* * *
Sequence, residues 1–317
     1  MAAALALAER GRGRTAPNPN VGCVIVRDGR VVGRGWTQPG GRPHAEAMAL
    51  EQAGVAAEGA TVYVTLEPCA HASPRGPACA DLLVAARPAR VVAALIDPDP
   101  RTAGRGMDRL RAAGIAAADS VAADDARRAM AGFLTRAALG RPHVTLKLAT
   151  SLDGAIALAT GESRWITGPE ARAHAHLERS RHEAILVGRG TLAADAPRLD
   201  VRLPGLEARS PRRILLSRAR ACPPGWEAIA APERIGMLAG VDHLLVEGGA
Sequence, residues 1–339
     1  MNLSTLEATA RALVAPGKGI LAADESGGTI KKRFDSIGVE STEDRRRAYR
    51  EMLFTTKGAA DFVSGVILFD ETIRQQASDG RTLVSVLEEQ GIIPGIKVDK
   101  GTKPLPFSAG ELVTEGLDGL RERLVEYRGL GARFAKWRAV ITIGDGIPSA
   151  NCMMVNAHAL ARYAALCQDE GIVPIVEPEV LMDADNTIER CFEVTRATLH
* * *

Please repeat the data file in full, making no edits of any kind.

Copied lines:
Sequence, residues 1–317
     1  MAAALALAER GRGRTAPNPN VGCVIVRDGR VVGRGWTQPG GRPHAEAMAL
    51  EQAGVAAEGA TVYVTLEPCA HASPRGPACA DLLVAARPAR VVAALIDPDP
   101  RTAGRGMDRL RAAGIAAADS VAADDARRAM AGFLTRAALG RPHVTLKLAT
   151  SLDGAIALAT GESRWITGPE ARAHAHLERS RHEAILVGRG TLAADAPRLD
   201  VRLPGLEARS PRRILLSRAR ACPPGWEAIA APERIGMLAG VDHLLVEGGA
Sequence, residues 1–339
     1  MNLSTLEATA RALVAPGKGI LAADESGGTI KKRFDSIGVE STEDRRRAYR
    51  EMLFTTKGAA DFVSGVILFD ETIRQQASDG RTLVSVLEEQ GIIPGIKVDK
   101  GTKPLPFSAG ELVTEGLDGL RERLVEYRGL GARFAKWRAV ITIGDGIPSA
   151  NCMMVNAHAL ARYAALCQDE GIVPIVEPEV LMDADNTIER CFEVTRATLH